Jason Oxman photo
To Meet Demand, U.S. Must Increase and Incentivize Semiconductor Production

A current increase in global demand for semiconductors or ‘chips’ is outpacing both supply and manufacturing capacity, resulting in several sectors - from autos to healthcare to energy to consumer products and devices - facing a shortage in this foundational hardware. The increased demand for chips is the result of both increased demand for devices that enable our work- and learn-from-home environment and increased demand for other products and services as the U.S. recovers from the COVID-19 pandemic. As a result, industries are caught in a market-based supply and demand imbalance, as calls grow for policymakers to intervene in the marketplace, effectively choosing winners and losers.

This wasn’t always the case. In fact, at the height of the pandemic, some of these industries canceled their chip orders due to lower consumer demand. With demand for chip-enabled products now skyrocketing, an unprecedented shortage of chips could slow the U.S. economic recovery while also risking immediate interruptions to critical services like distance learning, telework, and healthcare delivery.

Chips are vital to nearly every industry across the global economy. For the past year, technology has been essential to connecting educators and students, to enabling businesses and employers to stay productive, open, and secure, and to supporting the government and health response to a pandemic unprecedented in modern times. And the demand for devices enabling this connectivity, productivity, and pandemic response continues.

According to USAFacts.org, 65 percent of U.S. households with children are utilizing online learning. Semiconductor chips power the products and technologies that allow those students to learn from home and enable remote work for millions around the globe. Technologies made with chips can bridge the digital divide that plagues as many as 16 million students who lack access to the high-speed broadband and devices needed to learn remotely. Semiconductors also play a central role in speeding the deployment of technologies like 5G that will pave the way for future innovations.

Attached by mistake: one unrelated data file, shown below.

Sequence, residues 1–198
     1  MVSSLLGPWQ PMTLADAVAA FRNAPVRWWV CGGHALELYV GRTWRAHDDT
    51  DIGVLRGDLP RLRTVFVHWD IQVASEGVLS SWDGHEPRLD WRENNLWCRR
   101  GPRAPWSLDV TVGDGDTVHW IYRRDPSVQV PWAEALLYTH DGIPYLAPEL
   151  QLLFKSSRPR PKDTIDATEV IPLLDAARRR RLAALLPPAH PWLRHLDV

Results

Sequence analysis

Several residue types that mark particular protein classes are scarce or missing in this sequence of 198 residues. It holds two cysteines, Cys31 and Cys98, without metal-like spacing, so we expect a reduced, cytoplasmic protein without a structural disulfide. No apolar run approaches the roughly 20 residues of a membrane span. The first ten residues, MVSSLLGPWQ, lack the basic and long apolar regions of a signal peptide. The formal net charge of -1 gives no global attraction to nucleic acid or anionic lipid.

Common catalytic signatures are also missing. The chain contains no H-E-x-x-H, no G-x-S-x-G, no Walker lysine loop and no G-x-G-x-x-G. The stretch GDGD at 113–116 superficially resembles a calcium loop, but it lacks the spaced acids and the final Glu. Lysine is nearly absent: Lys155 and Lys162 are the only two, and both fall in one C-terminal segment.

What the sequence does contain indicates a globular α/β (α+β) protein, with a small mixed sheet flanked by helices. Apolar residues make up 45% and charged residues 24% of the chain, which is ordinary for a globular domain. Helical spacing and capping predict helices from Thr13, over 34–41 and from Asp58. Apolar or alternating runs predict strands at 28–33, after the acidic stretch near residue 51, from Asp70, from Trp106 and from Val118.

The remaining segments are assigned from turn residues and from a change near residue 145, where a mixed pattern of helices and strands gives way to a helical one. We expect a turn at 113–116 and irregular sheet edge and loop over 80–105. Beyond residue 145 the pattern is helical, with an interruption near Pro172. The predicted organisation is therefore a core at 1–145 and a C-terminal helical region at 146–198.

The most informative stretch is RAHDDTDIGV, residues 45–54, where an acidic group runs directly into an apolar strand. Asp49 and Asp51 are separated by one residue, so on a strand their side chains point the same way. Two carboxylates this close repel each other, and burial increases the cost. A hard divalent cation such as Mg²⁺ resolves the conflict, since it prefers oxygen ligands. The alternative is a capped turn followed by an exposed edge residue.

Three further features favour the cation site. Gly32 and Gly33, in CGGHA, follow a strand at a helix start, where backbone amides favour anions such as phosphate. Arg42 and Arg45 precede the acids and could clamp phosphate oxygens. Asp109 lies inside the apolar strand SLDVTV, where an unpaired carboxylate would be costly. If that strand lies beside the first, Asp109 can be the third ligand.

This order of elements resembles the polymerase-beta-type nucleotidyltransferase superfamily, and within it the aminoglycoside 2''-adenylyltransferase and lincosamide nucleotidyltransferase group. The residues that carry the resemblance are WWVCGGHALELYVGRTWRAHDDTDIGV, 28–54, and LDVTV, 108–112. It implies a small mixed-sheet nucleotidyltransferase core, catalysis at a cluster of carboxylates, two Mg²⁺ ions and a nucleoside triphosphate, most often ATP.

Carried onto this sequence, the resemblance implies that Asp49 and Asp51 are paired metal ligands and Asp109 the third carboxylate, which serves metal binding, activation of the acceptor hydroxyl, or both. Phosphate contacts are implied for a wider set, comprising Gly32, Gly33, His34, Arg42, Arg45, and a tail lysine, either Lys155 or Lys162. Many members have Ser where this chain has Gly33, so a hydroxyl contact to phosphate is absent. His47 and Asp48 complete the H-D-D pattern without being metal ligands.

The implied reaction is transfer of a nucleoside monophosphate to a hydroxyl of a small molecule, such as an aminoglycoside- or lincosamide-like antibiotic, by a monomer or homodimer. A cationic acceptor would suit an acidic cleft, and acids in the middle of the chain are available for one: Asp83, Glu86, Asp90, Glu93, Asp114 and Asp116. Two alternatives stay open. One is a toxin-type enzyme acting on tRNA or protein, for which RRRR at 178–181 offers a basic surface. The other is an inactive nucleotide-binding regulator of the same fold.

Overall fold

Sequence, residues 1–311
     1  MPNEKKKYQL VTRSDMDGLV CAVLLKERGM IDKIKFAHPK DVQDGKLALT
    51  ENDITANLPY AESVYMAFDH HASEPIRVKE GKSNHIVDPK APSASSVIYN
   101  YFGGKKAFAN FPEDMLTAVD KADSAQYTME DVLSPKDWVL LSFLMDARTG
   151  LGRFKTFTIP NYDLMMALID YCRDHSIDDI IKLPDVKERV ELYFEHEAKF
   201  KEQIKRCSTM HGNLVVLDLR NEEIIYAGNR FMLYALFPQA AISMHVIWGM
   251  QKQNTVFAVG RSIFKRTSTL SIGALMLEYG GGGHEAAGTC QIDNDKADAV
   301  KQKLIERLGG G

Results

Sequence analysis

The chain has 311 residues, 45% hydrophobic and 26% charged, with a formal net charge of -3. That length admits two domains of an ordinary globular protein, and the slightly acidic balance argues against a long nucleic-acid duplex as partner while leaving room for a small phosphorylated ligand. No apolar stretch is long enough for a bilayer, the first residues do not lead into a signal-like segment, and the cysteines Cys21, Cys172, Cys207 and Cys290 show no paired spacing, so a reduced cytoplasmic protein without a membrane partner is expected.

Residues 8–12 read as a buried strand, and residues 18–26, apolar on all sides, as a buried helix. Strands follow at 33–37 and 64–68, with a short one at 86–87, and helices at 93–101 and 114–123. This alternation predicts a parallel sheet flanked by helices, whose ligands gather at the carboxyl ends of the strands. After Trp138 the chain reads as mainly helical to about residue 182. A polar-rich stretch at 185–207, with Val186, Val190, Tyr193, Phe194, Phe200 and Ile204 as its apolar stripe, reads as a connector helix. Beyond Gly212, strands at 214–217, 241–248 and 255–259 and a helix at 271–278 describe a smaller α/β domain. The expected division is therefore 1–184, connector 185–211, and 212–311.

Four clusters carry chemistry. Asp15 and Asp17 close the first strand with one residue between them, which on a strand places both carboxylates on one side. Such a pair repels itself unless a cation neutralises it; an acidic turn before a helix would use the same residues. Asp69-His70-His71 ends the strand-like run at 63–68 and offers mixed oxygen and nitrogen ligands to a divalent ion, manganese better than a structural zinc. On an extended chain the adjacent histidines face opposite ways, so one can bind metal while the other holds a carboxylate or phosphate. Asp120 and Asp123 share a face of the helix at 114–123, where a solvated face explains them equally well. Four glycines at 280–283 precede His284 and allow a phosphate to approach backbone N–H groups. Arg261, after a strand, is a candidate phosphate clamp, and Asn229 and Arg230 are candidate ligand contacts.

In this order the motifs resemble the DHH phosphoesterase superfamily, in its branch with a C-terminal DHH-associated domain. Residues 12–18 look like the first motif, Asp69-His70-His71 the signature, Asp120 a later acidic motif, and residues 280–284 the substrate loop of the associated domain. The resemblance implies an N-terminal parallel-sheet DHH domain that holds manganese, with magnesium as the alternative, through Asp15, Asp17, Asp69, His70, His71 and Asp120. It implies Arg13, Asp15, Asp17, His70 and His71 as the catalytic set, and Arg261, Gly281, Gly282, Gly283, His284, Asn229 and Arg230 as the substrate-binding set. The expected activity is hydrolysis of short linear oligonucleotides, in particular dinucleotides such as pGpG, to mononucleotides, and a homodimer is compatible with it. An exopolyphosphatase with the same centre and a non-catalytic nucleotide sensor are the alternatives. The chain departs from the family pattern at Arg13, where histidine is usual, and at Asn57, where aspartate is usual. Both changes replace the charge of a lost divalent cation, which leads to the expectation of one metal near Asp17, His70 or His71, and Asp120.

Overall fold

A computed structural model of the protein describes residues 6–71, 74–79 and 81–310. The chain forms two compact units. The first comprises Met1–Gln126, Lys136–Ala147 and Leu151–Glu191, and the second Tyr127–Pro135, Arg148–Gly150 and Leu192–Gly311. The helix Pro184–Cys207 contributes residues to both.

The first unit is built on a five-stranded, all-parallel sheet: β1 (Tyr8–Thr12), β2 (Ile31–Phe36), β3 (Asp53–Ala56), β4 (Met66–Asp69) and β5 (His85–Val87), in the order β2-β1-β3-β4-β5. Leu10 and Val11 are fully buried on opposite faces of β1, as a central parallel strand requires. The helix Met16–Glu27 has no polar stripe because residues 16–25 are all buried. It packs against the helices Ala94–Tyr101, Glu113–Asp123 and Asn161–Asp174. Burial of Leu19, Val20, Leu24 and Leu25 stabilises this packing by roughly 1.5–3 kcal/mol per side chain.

As technology continues to support the global response to COVID-19, industries must remain vigilant in managing their supply chains. Further, any actions taken by the Biden-Harris Administration in response to this situation should avoid picking winners or losers that prioritize specific industries over another. Doing so would exacerbate the digital divide at a time when governments should be looking for ways to help those most impacted by the pandemic and economic slowdown, including rural and underserved schoolchildren.

In the short-term, semiconductor manufacturers are working around the clock to address the increased demand for chips. To avoid future supply shortages, the U.S. government should look to increase and incentivize domestic chip production. Doing so offers two benefits: an increase in production to rectify the current issues of demand outpacing supply, and a boost to the U.S. economy that creates thousands of new jobs.

In his upcoming budget request, President Biden should significantly fund the Creating Helpful Incentives to Produce Semiconductors (CHIPS) for America Act. By doing so, the administration can address supply issues and incentivize U.S. manufacturing, research and development, and design efforts that can stimulate all sectors of the American economy and further the administration’s goal to ‘build back better’.

Without question, the technologies and industries critical to our ongoing COVID-19 response, the U.S. economic recovery, and the future competitiveness of the United States rely on readily available semiconductors. As the U.S. looks to mitigate the public health and economic crises caused by COVID-19, it should avoid actions that could deliberately or inadvertently inhibit these technologies.

ITI continues to advocate for long-term, coordinated solutions to address global supply chain challenges that avoid picking winners and losers in the marketplace:

In January, ITI outlined an agenda to drive U.S. global competitiveness, which included recommendations on ensuring supply chain resiliency.

Public Policy Tags: Trade & Investment, National Security, Federal Advocacy, Public Sector